“Watered down” CSDDD approved by EU Committee

March 22nd, 2024

The European Parliament’s Legal Affairs Committee has voted in favour of the Corporate Sustainability Due Diligence Directive (CSDDD), amid criticism that the proposals were weakened by EU member states.

The committee’s vote is a crucial hurdle in the path for the rules to become law, which will then require companies to address their negative impacts on human rights and the environment across supply chains.

They will set a standard for companies to identify, prevent, mitigate, and account for environmental impacts and human rights abuses from their supply chains and sourcing operations.

Following the approval of the Committee, the proposals will now be voted on by all MEPs in April.

The rules were first proposed in February 2022, but the EU Council failed to approve them earlier this month.

Countries including Germany and Italy objected to the rules, meaning the proposals failed to achieve final approval from the Council. These proposals were criticised over the potential bureaucratic and legal impacts they could have on companies.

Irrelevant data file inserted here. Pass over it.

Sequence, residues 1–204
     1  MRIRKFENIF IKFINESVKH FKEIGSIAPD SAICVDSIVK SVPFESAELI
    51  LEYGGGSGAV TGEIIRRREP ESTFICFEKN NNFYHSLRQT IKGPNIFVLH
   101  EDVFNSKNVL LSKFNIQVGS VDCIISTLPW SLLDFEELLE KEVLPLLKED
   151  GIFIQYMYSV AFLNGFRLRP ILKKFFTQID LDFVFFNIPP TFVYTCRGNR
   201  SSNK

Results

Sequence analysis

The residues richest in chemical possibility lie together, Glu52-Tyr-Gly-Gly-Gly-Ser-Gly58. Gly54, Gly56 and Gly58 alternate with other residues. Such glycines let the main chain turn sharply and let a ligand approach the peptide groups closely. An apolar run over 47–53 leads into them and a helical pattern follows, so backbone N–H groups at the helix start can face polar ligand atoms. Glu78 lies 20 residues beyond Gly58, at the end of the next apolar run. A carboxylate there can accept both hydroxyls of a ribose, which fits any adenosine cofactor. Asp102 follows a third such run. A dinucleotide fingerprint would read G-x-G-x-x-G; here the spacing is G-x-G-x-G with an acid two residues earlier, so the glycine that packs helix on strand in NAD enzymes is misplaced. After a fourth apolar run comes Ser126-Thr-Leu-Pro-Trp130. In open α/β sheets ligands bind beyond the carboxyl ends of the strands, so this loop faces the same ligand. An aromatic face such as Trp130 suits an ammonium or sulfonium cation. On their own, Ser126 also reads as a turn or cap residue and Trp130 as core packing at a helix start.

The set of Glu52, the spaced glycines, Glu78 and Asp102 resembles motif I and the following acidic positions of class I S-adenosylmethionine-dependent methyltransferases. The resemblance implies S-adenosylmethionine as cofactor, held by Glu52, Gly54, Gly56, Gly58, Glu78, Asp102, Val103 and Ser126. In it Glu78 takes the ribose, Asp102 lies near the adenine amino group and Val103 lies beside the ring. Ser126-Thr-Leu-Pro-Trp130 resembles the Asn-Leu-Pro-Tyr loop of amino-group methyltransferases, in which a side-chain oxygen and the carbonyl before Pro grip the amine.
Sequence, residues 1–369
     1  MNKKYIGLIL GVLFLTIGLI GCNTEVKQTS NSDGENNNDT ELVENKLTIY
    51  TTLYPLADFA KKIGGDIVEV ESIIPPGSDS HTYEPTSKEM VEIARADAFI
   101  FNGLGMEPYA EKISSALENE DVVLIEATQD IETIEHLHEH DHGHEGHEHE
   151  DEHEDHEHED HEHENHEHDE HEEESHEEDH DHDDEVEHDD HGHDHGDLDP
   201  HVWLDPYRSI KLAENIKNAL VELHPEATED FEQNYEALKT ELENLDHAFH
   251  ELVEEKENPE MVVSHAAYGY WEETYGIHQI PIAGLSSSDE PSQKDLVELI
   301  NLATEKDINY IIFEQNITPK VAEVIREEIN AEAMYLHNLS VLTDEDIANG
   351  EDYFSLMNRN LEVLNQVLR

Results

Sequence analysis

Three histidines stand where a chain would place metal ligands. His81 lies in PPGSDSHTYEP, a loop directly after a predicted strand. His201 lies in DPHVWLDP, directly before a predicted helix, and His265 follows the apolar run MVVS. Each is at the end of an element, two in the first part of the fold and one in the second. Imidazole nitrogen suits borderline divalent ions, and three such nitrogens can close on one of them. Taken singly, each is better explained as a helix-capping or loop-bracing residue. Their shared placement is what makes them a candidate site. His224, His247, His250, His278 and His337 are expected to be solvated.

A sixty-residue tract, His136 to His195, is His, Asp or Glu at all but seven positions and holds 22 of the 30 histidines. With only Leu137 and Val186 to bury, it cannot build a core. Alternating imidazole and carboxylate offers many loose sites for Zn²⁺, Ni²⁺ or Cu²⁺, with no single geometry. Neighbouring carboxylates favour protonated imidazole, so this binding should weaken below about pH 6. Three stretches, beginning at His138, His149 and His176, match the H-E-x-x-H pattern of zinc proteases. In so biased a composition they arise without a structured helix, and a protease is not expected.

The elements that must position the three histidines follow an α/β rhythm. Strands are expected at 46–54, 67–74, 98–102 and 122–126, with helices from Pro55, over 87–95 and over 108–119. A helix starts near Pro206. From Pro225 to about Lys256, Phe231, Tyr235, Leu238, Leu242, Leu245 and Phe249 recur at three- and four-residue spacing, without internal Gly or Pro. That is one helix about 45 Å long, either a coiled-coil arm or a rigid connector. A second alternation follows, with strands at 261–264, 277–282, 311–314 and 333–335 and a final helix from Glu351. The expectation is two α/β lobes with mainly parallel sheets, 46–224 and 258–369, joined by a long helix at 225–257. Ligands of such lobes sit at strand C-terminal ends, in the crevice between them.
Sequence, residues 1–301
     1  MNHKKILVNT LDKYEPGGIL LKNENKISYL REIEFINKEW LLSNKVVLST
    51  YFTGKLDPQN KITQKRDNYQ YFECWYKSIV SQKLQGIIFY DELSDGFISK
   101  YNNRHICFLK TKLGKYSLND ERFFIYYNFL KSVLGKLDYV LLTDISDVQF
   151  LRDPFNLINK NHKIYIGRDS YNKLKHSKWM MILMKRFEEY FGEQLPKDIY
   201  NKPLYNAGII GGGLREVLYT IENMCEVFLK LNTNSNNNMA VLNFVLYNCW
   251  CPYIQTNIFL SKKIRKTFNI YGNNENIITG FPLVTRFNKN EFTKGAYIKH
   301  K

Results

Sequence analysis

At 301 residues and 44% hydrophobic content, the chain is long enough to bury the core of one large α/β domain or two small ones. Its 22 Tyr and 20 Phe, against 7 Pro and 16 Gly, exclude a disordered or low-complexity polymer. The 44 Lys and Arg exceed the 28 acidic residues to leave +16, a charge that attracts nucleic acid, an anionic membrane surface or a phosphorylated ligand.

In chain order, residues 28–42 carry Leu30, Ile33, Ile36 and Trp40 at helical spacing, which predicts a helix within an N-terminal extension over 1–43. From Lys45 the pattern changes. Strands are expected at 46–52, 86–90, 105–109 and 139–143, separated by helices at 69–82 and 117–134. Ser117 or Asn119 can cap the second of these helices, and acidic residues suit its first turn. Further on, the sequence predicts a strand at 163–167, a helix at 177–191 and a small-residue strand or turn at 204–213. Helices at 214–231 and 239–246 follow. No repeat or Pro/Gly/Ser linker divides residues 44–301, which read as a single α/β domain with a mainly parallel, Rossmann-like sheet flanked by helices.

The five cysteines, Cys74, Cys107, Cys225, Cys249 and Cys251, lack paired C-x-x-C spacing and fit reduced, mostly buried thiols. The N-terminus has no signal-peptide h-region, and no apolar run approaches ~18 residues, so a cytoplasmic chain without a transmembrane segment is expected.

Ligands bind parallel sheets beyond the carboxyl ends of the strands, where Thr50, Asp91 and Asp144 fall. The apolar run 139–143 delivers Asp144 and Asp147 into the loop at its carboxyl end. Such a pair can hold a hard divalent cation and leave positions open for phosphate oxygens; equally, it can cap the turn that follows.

This, alongside criticism from businesses over the scope of the reporting requirements, led to several amendments being added to the proposals, including a reduction in the scope of companies covered.

Hannah Storey, Amnesty International’s policy advisor on business and human rights, said: “It is disappointing that this legislation has been significantly watered down by some member states at an unusually late stage in the EU legislative process.

“While it is a relief that the legislation has survived attempts to kill it off completely, some states have eroded the text so that the CSDDD in its current form falls short of original aspirations. It will now only apply to the very largest businesses, meaning almost 70 per cent of the companies it would have covered in its previous draft will now be exempt.”

Last Updated: 22 March 2024